Forecasts need more observations to improve their skill. Peter Hinchliffe (Chair of the Nautical Institute Executive Board and former Secretary General International Chamber of Shipping) emphasised that ‘only 2500 ships voluntarily provide met data. Out of a total of around 80,000 ships in international trade this is a shockingly small number and efforts must be made to increase the contribution of this vital data to improve forecasting and weather warnings’. More weather data collected by ships at sea will improve forecasts, helping the maritime industry as well as the public.
Developing country situations were addressed and it is apparent that improved end-user understanding is needed. Nelly Florida Riama of Indonesia's BMKG stated ‘We need to understand that different users have different requirements and understanding - this is especially challenging in island countries where, for example, local fishing communities may not understand the technical terms that we use in the forecasts, which has led to misinterpretation’.
Ultimately, the Symposium has shone a spotlight on the urgent need to close the gap between the met-ocean providers and users of this information in the maritime industry. Nick Cutmore, Secretary General of the International Maritime Pilots’ Association (IMPA) ‘There’s a need for a greater understanding and awareness of the benefits that met-ocean data can provide to the mariner on a day-to-day basis. Similarly, the met-ocean community needs greater awareness of the kinds of decisions that mariners must make.’
Highlighting global examples of extreme maritime weather, broad discussion also included views of insurance, investigation and indemnity, ocean forecasting to improve decision making by maritime sectors, digital delivery of maritime safety information, decision support in polar regions from short to longer term seasonal time scales, voyage route optimization, decision support for the offshore industry, and search and rescue.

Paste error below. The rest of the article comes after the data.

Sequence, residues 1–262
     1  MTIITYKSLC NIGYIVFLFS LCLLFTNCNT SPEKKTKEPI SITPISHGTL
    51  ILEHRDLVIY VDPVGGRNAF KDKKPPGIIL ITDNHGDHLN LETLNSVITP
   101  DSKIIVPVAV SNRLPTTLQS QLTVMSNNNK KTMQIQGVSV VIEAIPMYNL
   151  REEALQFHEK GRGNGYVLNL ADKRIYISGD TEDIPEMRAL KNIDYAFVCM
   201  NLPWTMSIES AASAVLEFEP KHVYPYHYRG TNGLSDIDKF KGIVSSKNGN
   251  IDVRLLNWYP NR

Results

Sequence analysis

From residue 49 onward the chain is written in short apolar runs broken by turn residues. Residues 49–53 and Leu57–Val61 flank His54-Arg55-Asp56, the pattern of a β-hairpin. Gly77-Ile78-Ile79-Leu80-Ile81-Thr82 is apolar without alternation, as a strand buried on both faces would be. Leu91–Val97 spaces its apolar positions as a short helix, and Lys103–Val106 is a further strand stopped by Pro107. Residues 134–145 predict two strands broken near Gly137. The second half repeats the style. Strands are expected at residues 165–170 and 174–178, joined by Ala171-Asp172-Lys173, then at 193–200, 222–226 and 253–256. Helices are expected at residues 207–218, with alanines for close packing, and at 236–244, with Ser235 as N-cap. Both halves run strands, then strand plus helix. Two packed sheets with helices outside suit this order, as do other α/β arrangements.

Other key areas identified that need urgent attention:
- With the met-ocean community increasingly using thresholds to convey impacts of weather hazards to the public, nascent efforts in this for marine weather are being undertaken by some NMHSs. These impact thresholds must be reconciled with concerns from the shipping industry, in which many different ship types and activities have different operating limits, and setting fixed thresholds may have an unintended negative impact on operations.
- There is a need for better awareness of the value met-ocean data can add to maritime operations.
- With so many commercial weather providers, it is essential to ensure that users know what data is authoritative.
- The maritime community desires clearer and simplified met-ocean data and information where possible, to ensure they are understood and that proper decisions are made with the information.
- Ports and Harbours are expected be subject in the future, to more frequent and intense storms and rising sea levels. Inundation in ports and harbours will be challenging from both a safety and economic perspective.
- The design of vessels, industry, ports and harbour infrastructure also plays a role in safety and resilience to poor weather.